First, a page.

don’t know about you, but when someone says “customer service”, I still think of long hold times on a landline, or even longer lines at a nearby store. But with the rise of e-commerce, the old notion of customer service has been wiped away. Now, customer service is considered a crucial component of a customer’s broader shopping experience.
Customer service is also no longer limited to post-purchase support — customer satisfaction and service must be a consideration at every step along the customer journey. Especially in retail where the goal is always to win customers back again and again, you can never overlook the importance of good service, whether you’re providing it at your physical retail store, or online through your e-commerce experience.
First, let’s talk about what customer service is not: customer service should not be about putting out fires and resolving issues that have already occurred. The last thing you want is customers walking away feeling like their purchase wasn’t worth the experience they had, or, if they’re leaving empty-handed, like they got nothing out of the visit.
In fact, customers who have a poor experience share with twice as many people through word-of-mouth or social media compared to when they have a positive experience.
Acceptable customer service means your customers are walking away feeling net positive: like the results of their experience made it worth visiting you (in-store or online). They’re leaving with something they liked, and are glad they made the trip.
But what you’re really after is offering such good customer service that your customers seek you out, even when they don’t need anything at all — they pretty much just enjoy being in your presence! That’s when you’ve nailed it, because that means you’ve made such a positive impression that your customer base is likely to spend more and stick around for longer.
As I said, customer service is embedded into the entire shopping experience. However, there are a number of particularly crucial moments where great customer service can have a significant impact. Let’s look at some of these make-or-break moments and discuss ways to make them delightful and memorable.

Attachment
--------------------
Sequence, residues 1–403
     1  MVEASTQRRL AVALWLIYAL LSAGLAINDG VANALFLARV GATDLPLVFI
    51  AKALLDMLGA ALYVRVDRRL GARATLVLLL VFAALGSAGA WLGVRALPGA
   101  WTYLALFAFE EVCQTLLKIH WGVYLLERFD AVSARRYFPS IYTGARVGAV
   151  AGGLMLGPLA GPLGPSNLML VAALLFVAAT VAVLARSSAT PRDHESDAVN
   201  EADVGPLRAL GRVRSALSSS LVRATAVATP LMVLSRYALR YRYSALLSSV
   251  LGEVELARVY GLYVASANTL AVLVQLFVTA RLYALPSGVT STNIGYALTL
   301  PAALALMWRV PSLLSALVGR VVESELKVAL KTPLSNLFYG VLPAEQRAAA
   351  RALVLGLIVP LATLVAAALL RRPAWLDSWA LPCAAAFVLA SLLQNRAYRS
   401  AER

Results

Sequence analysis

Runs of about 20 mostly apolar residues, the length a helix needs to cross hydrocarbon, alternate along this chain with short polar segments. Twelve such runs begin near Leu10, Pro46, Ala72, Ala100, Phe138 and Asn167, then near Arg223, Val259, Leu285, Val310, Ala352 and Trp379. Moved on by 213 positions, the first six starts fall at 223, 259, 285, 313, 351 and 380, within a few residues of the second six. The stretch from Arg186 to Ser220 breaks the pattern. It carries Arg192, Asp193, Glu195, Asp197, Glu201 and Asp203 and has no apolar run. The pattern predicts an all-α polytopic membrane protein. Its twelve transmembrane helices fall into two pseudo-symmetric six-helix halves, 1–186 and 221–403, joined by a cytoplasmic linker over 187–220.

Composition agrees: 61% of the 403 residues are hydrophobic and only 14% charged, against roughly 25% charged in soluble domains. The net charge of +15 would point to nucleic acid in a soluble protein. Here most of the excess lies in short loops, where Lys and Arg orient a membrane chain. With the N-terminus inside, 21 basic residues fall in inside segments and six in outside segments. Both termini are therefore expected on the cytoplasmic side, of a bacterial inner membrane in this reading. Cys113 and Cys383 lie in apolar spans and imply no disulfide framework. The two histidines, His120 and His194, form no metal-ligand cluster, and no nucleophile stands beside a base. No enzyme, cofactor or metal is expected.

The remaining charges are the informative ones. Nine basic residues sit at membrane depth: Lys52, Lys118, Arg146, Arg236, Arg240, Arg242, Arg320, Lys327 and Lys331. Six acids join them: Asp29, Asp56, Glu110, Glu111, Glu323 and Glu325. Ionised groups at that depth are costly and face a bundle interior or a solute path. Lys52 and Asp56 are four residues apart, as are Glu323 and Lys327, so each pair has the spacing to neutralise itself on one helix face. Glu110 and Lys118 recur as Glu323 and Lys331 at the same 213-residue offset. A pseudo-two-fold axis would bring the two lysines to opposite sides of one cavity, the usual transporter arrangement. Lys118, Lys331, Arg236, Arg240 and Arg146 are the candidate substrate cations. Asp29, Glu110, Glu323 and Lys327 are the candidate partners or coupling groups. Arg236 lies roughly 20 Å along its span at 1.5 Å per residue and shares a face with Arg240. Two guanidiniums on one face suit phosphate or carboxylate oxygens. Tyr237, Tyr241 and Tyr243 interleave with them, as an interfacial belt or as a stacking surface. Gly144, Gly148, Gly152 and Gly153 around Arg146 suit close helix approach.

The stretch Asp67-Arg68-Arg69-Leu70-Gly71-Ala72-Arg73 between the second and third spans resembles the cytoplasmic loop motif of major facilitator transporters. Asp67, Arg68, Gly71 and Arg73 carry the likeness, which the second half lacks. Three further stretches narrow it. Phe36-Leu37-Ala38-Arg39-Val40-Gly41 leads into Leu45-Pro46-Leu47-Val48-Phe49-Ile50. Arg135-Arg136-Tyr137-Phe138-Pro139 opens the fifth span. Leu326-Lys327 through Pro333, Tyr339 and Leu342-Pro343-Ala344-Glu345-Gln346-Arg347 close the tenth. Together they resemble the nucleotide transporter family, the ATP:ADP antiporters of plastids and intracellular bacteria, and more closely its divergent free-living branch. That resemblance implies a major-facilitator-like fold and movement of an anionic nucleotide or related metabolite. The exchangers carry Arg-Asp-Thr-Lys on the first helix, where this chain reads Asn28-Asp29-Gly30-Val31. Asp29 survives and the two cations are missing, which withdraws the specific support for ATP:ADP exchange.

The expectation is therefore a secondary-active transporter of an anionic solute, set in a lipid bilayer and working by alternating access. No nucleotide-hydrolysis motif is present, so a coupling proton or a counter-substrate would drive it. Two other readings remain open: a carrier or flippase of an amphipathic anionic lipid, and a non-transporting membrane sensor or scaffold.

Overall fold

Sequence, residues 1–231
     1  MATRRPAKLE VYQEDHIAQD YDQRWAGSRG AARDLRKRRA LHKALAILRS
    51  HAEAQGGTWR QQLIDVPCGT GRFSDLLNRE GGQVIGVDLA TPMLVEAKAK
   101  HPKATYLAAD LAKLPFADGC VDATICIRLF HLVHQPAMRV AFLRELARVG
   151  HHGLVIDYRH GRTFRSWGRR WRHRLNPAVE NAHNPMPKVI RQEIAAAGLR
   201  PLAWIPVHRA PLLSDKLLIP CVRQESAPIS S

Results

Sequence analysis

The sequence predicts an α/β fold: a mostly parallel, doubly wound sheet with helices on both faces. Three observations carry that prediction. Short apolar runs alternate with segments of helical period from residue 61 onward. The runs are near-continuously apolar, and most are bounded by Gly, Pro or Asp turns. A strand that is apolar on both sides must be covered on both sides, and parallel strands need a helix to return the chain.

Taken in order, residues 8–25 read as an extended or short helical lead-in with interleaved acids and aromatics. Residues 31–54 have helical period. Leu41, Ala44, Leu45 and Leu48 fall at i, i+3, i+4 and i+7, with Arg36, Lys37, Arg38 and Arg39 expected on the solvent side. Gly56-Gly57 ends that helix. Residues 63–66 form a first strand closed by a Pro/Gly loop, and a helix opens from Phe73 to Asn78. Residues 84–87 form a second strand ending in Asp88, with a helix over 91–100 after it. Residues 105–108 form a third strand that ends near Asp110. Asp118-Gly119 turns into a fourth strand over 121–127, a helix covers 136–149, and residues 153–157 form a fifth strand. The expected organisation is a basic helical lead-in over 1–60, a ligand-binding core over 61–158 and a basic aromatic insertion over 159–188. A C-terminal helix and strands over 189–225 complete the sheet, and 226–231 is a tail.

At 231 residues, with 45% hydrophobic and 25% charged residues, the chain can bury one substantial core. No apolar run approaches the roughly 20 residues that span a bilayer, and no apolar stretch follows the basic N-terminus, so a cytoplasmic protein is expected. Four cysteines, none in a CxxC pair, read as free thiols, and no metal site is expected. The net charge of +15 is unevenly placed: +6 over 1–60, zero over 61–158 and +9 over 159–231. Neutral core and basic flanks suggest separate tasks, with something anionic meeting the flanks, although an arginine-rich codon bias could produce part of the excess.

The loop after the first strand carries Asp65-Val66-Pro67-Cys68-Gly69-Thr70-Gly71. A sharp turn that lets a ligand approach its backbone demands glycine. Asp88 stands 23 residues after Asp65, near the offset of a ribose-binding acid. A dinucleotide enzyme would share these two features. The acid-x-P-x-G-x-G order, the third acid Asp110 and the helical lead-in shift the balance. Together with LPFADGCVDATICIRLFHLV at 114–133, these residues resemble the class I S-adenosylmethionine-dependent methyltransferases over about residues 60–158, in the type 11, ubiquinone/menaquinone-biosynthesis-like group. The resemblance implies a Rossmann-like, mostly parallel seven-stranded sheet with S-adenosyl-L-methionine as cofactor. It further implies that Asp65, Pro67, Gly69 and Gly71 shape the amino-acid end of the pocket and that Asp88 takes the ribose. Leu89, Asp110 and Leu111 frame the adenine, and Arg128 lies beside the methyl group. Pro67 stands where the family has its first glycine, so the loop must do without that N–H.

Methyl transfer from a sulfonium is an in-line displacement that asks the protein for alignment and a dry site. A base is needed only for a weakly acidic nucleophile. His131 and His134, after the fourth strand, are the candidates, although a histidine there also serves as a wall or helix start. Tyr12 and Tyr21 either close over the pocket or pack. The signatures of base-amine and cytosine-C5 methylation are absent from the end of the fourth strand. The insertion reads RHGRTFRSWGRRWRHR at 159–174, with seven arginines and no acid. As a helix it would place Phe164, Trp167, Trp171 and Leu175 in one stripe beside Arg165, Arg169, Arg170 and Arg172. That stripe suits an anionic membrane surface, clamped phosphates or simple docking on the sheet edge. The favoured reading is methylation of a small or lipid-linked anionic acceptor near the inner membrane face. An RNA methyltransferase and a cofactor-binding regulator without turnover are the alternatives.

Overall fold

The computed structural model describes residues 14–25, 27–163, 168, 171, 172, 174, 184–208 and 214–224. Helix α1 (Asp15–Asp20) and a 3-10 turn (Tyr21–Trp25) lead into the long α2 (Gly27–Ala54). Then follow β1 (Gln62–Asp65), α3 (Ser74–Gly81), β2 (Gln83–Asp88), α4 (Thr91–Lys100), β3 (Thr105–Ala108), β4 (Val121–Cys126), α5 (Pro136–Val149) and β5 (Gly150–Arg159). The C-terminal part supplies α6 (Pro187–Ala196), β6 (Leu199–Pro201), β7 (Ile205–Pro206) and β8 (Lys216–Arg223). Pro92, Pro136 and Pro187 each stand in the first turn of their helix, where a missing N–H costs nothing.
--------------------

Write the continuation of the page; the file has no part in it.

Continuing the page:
Congrats! Foot traffic! One of the great parts of having a physical store is that stores boast an incredibly high conversion rate compared to their online counterparts — often 10x the conversion rate of e-commerce! In other words, when a customer walks into your store, she has indicated a very high purchase intent right off the bat — so let’s make sure you capitalize on that.
First thing is to always greet your customer. Greeting customers makes them feel like they are supposed to be there and puts them at ease. Providing your name as part of your greeting will also make it easier for them to reach out to you during their visit if they have any questions.
Some customers who walk into your store may be showrooming — meaning they are at the exploratory stage of their shopping journey and are there to do research and get a feel for things. If the customer tells you directly that they are “just browsing”, that should be an indication to you to focus more on education rather than the bottom-of-the-funnel hard sell.
You can often gauge where a customer is in their journey by asking them how you can help. If they ask for a specific product, then they’ve probably already done their homework and are making a final assessment; if not, your best bet is to keep a close eye while keeping busy with your normal tasks.
Once customers have chosen to try something on, consider that another win! Customers who try something on purchase 67% of the time. However, customers may also feel like trying something on means they have to make a purchase. The best thing you can do for these customers to alleviate the pressure is to let them know they have tons of options with what to do next: they can try products in a different size or color, request similar products to try instead, or continue to browse if the items are not working out.